IMO 2020: What’s at stake
The global maritime container sector and the millions of customers that rely on ocean freight shipping services are bracing themselves for the start of 2020.
That is when new, environmentally friendly fuel regulations — along with a seismic increase in costs — will come into force as the shipping industry makes a timely effort to reduce harmful emissions.
The International Maritime Organization (IMO) regulations governing the sulfur content of bunker fuels burned by merchant vessels state that all shipping companies, including container vessel operators, must switch to fuels with a sulfur content of no more than 0.5 percent by the turn of the year.
The new requirement is a steep drop from the current global standard of 3.5 percent outside designated emission control areas, a limit that most vessel operators can easily comply with.
Instead of forking out a premium for low sulfur fuel, around 5 percent of the container fleet is expected to be retrofitted with sulfur scrubbers — marine exhaust gas cleaning systems that reduce sulfur oxide (SOx) emissions — by the end of 2019, while a small number of ships will use alternative fuels such as liquefied natural gas (LNG).
As the 2020 deadline looms, the IMO has set the tone early on, warning that compliance with the regulations will be strictly monitored “on and after January 1, 2020”.
Due to the long hauls plied by container ships and the complexity of box ship alliance networks, this means that low sulfur fuels will likely be introduced in the latter part of 2019 to ensure vessels are using compliant fuels on deadline day, avoiding service disruptions.
Though the reduction in damaging SOx emissions bodes well for the environment, the new regulation has proved divisive among industry players.
For Deutsche Post DHL Group, reducing logistics-related emissions to zero by 2050 has been a long-term goal. “We support the IMO’s sulfur 2020 regulation as it is very much in keeping with our Group-wide sustainability targets and our GoGreen environmental protection program,” said Dominique von Orelli, Head of Global Ocean Freight at DHL Global Forwarding.
In the shorter term, by the year 2025, the Group aims to improve its carbon efficiency by 50 percent compared to 2007 through cutting emissions of local air pollutants, von Orelli shared. The adoption of clean pick-up and delivery solutions, such as electric vehicles, for 70 percent of the company’s first and last-mile services is another plan in the works.
Low sulfur, high stakes
However, while the benefits of the new regulations are not in doubt, the switch to premium low sulfur fuels presents challenges.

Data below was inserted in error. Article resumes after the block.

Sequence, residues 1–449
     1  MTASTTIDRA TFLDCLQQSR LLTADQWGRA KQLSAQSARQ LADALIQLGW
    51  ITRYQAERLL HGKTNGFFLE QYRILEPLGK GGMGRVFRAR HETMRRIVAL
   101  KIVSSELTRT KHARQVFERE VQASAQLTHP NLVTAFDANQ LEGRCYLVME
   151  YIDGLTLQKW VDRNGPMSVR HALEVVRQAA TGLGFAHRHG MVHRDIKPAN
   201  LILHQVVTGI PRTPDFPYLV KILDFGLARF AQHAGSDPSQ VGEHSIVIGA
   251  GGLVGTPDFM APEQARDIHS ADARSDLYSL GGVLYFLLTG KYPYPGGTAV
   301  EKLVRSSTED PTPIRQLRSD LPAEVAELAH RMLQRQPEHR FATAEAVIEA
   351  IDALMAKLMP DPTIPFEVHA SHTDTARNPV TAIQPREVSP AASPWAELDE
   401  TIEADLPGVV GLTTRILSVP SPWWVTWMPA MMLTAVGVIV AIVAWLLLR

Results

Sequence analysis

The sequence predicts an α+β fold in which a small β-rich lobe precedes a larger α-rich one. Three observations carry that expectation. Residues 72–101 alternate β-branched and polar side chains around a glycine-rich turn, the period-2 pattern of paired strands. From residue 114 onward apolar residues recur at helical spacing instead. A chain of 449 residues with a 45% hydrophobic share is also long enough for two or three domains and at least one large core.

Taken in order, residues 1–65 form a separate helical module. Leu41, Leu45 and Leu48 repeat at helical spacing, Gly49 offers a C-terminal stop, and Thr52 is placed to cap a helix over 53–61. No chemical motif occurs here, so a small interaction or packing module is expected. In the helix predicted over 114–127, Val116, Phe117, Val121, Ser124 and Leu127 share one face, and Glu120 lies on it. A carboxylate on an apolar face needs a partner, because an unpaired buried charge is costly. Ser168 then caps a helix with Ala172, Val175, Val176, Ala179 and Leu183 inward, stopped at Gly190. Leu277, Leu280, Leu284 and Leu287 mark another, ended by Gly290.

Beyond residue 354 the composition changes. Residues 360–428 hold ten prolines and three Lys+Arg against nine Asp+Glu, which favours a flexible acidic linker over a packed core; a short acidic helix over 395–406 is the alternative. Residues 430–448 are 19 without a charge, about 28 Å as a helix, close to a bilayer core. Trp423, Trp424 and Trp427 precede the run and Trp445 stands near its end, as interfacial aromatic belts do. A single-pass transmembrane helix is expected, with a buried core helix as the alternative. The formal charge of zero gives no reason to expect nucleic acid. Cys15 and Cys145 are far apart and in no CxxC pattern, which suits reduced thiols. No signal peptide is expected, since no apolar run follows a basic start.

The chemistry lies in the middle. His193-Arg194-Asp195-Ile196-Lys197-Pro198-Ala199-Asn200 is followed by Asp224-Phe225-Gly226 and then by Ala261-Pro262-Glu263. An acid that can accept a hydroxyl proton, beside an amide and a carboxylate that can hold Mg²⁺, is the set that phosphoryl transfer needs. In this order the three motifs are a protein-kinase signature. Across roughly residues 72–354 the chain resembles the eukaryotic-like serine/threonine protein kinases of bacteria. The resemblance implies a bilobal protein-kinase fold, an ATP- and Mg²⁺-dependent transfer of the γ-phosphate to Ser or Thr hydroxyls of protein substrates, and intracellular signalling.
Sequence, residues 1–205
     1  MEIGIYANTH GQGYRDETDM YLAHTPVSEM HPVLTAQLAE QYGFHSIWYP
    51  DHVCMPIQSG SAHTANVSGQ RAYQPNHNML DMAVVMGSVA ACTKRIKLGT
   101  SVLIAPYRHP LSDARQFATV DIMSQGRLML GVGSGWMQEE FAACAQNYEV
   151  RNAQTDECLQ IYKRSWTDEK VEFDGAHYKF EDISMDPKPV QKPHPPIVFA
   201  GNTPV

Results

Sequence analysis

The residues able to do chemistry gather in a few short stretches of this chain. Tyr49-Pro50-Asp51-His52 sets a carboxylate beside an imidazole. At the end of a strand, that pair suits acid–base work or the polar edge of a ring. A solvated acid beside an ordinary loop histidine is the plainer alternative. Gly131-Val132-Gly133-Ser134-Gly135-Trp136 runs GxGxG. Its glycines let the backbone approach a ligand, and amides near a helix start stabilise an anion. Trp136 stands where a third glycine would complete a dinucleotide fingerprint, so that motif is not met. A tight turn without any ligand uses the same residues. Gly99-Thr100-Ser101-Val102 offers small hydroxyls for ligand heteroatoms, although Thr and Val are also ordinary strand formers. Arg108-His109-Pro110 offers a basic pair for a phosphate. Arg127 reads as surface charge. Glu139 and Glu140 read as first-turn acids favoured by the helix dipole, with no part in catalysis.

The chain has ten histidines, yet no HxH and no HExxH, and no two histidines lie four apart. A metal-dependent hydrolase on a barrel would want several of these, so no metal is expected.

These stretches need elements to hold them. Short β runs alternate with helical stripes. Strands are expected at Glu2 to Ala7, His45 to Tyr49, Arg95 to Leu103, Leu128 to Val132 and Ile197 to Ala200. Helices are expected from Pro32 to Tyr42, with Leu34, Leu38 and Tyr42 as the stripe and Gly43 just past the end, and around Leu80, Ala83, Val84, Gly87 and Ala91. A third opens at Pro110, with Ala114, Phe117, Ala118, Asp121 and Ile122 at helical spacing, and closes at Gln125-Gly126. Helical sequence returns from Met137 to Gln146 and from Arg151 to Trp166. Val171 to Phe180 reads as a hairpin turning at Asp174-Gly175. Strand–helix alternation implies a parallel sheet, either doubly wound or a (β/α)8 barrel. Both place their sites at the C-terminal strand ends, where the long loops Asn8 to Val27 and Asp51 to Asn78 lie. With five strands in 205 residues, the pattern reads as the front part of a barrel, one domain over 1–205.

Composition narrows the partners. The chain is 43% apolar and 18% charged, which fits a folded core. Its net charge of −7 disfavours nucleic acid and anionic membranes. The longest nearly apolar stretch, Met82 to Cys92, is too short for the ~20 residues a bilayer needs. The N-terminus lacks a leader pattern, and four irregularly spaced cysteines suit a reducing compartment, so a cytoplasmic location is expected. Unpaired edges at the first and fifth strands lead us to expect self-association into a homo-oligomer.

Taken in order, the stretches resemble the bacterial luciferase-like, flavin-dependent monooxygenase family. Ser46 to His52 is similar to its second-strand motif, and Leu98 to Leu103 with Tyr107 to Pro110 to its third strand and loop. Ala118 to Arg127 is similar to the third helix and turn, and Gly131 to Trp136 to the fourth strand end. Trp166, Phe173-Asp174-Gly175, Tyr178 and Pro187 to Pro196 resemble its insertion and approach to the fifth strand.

Not the least of these is determining who will pay — and how much — for the anticipated US$10 billion (€8.92 billion) to US$15 billion hike in fuel costs analysts say container lines will face next year.
To put this challenge into context, the container shipping industry registered a total profit of approximately US$1.5 billion last year, according to Drewry Shipping Consultants.
The financial pressure from additional fuel costs has prompted experts, and even the shipping lines, to predict that implementation of the regulations will trigger widespread capacity cuts, bankruptcies, mergers, acquisitions and perhaps even a new round of consolidation among box carriers.
Certainly, the stakes are high and, understandably, container shipping lines are eager to pass on the full cost increase to customers.
Should the shipping lines opt to reduce traveling speeds as a cost-saving measure for fuel consumption, customers will inevitably end up with slower shipments at a higher cost due to a capacity crunch.
Either way, there is no doubt that additional costs for maritime transport will result when the IMO’s sulfur 2020 regulation takes effect.
However, agreeing on a fair means of spreading the burden is proving elusive, especially with rising crude oil prices and the still unknown cost of low-sulfur bunker fuel.
“Although the exact costs are not yet known and are very difficult to estimate, we expect a significant rise in costs,” said von Orelli. “We expect ocean carriers to begin charging additional fees after approximately the third quarter of 2019 when the new fuels are introduced on container ships.”
There has, so far, been some consensus among shippers and carriers during contract negotiations that bunker costs should be separated from freight rates, and that the Bunker Adjustment Factor (BAF) for each trade lane should float using established BAF methodology.
But putting in place mechanisms that are fair to all liner customers while ensuring industry-wide transparency in this transition will be an uphill task.
“The BAF methodology of most carriers is transparent and workable in most cases,” explained von Orelli. “However, it is still completely unclear how carriers will calculate the BAF for low sulfur fuels based on the IMO 2020 regulation. The baseline is not clear yet hence the impact on the rates remains to be seen.
“We are confident that at the end most carriers will apply the same methodology which the market will accept.”
For its part, DHL is putting in place the means of fairly passing on costs to its customers once more expensive fuels are in use. “There’s no industry standard for this, but we promise our customers to be very transparent,” said von Orelli. “We will also publish our own Danmar BAF which will simplify the calculation for the customer, regardless of the ocean carrier used.
“We must proactively inform our customers so that they will know as soon as possible what to expect.”